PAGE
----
Hair Growth ➰ Follicle CycleHair, a distinguishing characteristic of mammals, plays a significant role in humans' appearance, protection, and sensory function. The growth cycle of hair is a testament to the body's regeneration capabilities, following a well-orchestrated sequence of phases, each with its duration and purpose.
1. Anagen Phase (Active Growth)
The anagen phase is the period when the hair is actively growing. Cells at the base of the hair follicle divide rapidly, forming the new hair. This phase varies in length for different hair types; scalp hair has a long anagen phase lasting from 2 to 7 years, while the body hair anagen phase is much shorter. The rate of hair growth can also vary from person to person, influenced by genetic and environmental factors, but on average, scalp hair grows about 1 cm per month.
2. Catagen Phase (Transition Stage)
After the period of active growth, hair enters the catagen phase. This phase lasts about 10 days and is characterized by the end of hair growth due to hair detachment from the dermal papilla. The follicle shrinks and begins the process that will lead to forming a club hair, signalling the transition to the next stage.
3. Telogen Phase (Resting Stage)
The hair follicle is at rest during the telogen phase, which lasts approximately 3 months. The club hair, formed during the catagen phase, remains in place but does not grow. About 10-15% of all hairs are in this phase at any given time. Club hairs do not necessarily fall out during this stage but are often retained until pushed out by the new hair growth that follows.
4. Exogen Phase (Active Shedding)
The exogen phase is not a separate phase but a part of the telogen phase, where the club hair is actively shed. This phase varies significantly among individuals, with an average daily shedding of 50 to 100 hairs. It is a natural and essential component of the hair growth cycle, allowing new growth.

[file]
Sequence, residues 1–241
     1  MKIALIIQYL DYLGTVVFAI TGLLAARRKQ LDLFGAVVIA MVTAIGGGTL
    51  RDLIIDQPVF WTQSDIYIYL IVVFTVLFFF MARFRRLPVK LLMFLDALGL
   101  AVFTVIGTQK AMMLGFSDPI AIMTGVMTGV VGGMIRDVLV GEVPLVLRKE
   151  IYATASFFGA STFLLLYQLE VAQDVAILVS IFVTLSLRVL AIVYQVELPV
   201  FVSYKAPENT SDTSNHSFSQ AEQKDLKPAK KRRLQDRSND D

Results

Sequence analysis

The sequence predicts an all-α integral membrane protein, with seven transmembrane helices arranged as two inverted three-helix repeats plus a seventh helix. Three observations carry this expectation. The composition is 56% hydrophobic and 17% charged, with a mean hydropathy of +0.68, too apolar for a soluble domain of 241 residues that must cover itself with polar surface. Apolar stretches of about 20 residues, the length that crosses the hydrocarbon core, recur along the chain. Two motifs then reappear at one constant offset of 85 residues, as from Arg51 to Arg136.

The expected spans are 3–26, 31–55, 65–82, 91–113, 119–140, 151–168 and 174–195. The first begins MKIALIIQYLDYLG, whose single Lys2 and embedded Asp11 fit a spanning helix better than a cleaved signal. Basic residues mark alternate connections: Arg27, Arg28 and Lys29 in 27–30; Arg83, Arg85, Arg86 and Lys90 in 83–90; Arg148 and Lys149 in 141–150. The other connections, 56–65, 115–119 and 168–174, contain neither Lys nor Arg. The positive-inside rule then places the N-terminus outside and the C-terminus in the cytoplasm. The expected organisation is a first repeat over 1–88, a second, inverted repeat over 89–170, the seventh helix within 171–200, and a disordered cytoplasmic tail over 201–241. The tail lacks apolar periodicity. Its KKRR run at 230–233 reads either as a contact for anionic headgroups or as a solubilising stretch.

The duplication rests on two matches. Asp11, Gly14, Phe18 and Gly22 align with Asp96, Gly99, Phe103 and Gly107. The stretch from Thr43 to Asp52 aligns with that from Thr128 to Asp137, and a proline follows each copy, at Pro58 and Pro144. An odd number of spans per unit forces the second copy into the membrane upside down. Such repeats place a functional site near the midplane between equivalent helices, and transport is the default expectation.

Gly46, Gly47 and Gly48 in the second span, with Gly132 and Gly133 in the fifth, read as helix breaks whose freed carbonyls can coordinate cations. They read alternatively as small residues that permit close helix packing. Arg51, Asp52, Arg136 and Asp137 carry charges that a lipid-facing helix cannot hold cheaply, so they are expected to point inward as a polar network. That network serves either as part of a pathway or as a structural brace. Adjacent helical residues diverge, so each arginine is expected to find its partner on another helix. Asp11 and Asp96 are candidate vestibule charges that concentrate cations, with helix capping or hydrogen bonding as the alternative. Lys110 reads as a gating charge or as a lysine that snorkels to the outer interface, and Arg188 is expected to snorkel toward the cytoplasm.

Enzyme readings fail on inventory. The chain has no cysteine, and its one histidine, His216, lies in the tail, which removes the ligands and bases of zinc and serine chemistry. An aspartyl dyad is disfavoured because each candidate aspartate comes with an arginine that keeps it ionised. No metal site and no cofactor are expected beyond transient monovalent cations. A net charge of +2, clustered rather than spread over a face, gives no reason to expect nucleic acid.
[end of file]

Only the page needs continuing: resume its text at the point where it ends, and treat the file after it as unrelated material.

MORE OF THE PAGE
5. Return to Anagen Phase (Growth Re-initiation)
As the exogen phase concludes, the hair follicle re-enters the anagen phase, where a new hair forms. This new hair will eventually push out the old club hair and start the cycle anew.
Many factors, including genetic predisposition, hormonal balances, and environmental influences, regulate the hair growth cycle. Seasonal changes can also affect the hair growth cycle, with many people experiencing faster hair growth in the summer due to increased hormonal activity and blood supply to the hair follicles.
Nutritional status is a crucial factor in hair growth. Deficiencies in essential nutrients can lead to a shortened anagen phase and affect the health and structure of new hair.
Aging and Hair Growth
As individuals age, the hair growth cycle can be affected. Some hair follicles may cease to produce new hairs, leading to hair thinning and loss.
The hair growth cycle is a fascinating process of renewal and regeneration. Understanding its phases and influencing factors can provide valuable medical and cosmetic application insights. It is a delicate balance, finely tuned by nature, that allows our hair to grow, transition, rest, and renew itself in a continuous cycle.